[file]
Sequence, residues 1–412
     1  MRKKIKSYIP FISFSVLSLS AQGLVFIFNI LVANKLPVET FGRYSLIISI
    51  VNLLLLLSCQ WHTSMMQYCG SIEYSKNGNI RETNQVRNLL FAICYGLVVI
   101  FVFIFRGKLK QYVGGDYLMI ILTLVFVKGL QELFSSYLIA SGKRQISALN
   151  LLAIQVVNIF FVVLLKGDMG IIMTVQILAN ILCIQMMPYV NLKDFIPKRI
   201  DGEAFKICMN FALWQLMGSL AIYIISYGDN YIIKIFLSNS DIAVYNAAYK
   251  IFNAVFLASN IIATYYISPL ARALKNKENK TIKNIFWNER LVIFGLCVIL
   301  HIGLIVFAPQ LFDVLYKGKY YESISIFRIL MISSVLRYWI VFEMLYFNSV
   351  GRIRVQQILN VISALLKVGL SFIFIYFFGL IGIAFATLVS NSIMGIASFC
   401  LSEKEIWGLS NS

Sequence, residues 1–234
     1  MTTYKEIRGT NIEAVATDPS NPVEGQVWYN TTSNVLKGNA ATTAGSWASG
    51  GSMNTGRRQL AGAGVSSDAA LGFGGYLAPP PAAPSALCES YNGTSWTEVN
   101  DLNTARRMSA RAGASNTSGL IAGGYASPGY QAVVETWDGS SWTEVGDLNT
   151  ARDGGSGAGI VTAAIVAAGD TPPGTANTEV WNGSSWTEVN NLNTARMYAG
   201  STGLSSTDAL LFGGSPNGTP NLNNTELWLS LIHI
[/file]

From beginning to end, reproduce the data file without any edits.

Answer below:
Sequence, residues 1–412
     1  MRKKIKSYIP FISFSVLSLS AQGLVFIFNI LVANKLPVET FGRYSLIISI
    51  VNLLLLLSCQ WHTSMMQYCG SIEYSKNGNI RETNQVRNLL FAICYGLVVI
   101  FVFIFRGKLK QYVGGDYLMI ILTLVFVKGL QELFSSYLIA SGKRQISALN
   151  LLAIQVVNIF FVVLLKGDMG IIMTVQILAN ILCIQMMPYV NLKDFIPKRI
   201  DGEAFKICMN FALWQLMGSL AIYIISYGDN YIIKIFLSNS DIAVYNAAYK
   251  IFNAVFLASN IIATYYISPL ARALKNKENK TIKNIFWNER LVIFGLCVIL
   301  HIGLIVFAPQ LFDVLYKGKY YESISIFRIL MISSVLRYWI VFEMLYFNSV
   351  GRIRVQQILN VISALLKVGL SFIFIYFFGL IGIAFATLVS NSIMGIASFC
   401  LSEKEIWGLS NS

Sequence, residues 1–234
     1  MTTYKEIRGT NIEAVATDPS NPVEGQVWYN TTSNVLKGNA ATTAGSWASG
    51  GSMNTGRRQL AGAGVSSDAA LGFGGYLAPP PAAPSALCES YNGTSWTEVN
   101  DLNTARRMSA RAGASNTSGL IAGGYASPGY QAVVETWDGS SWTEVGDLNT
   151  ARDGGSGAGI VTAAIVAAGD TPPGTANTEV WNGSSWTEVN NLNTARMYAG
   201  STGLSSTDAL LFGGSPNGTP NLNNTELWLS LIHI